Next time robbers strike, they might not get away. Police are using the element of surprise as a crime-fighting tactic. They'll be working in at businesses, stationed in a back room, watching and waiting.
Russo's Seafood was just the latest target of crime. The store was hit by burglars overnight, or as Charlie Russo put it, "a couple of jerks, thugs, whatever you want to call them."
Russo's has been in business 58 years. Break-ins are nothing new to Russo. "It's definitely frustrating," he said.
What he's worried about is next time. "Even though I am disturbed by a cinderblock through my window, a gun in my face is like the end of the world."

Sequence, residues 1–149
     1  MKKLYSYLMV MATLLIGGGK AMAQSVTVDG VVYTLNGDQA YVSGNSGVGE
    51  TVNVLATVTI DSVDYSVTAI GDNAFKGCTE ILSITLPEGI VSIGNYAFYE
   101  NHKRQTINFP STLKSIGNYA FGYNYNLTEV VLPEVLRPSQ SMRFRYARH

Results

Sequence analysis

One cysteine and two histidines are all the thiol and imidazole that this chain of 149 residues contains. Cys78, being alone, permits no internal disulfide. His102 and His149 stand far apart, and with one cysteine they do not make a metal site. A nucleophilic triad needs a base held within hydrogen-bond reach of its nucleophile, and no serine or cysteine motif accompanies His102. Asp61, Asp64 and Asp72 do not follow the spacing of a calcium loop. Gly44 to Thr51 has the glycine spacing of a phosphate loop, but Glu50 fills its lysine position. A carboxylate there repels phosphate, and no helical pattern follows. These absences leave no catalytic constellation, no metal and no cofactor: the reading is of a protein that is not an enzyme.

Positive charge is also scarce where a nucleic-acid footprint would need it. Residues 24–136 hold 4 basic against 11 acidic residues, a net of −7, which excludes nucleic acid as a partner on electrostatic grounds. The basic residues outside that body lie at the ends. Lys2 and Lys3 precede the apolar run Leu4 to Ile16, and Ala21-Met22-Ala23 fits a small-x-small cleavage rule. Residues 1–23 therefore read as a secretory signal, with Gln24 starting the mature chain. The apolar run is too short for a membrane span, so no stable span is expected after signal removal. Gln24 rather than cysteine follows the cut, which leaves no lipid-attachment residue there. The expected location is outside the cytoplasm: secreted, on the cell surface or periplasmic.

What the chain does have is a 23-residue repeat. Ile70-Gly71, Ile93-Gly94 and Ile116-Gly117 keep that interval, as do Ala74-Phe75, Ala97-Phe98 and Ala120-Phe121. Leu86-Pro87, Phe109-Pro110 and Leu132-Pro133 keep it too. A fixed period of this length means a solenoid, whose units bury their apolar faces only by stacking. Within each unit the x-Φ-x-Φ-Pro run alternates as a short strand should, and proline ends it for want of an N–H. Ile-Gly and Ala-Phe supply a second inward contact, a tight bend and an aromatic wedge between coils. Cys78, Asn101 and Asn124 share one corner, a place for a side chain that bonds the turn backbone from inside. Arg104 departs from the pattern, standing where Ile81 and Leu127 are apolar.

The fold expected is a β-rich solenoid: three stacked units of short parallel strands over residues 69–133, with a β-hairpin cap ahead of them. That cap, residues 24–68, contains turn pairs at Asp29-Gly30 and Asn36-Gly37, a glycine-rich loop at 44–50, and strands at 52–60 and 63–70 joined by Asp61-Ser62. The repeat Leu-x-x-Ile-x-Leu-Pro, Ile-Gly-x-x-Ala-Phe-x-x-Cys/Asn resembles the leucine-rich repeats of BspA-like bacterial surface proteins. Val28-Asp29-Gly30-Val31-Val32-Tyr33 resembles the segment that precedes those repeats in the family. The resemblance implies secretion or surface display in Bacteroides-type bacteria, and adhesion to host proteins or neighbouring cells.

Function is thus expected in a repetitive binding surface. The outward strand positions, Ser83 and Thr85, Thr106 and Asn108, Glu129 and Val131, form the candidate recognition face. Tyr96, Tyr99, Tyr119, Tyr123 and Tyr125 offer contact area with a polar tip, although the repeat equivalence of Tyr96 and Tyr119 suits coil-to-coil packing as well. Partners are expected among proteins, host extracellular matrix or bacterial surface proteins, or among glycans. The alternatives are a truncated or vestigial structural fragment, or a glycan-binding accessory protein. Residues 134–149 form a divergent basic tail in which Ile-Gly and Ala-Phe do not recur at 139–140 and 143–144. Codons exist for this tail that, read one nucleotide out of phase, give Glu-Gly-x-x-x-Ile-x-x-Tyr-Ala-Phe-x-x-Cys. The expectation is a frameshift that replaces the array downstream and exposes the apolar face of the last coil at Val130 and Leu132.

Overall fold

Russo says Russo's has a problem with crime once every few years. But for businesses like gas stations and convenience stores, crime is an everyday problem. So police are trying to beat thieves to the punch with undercover stakeouts.
Two cops, hidden from view, armed and ready for anything. Chief Dan Flynn says the idea is simple. "If there is going to be a robbery, you don't know if you are walking into a stakeout."
Lt. Richard Zapal hopes criminals take note and beware. "If you can prevent this stuff without them coming in the store, that's what you are looking for," he said.
"Oh, I love the idea," Parker's Beth Harn said. She says the stakeout idea has already paid of with officers nabbing a shoplifter. "They took care of it immediately."
Charlie Russo is not sure the stakeout idea would have prevented what happened to his store. Someday he may find out.
"Naturally, everything can help," he said.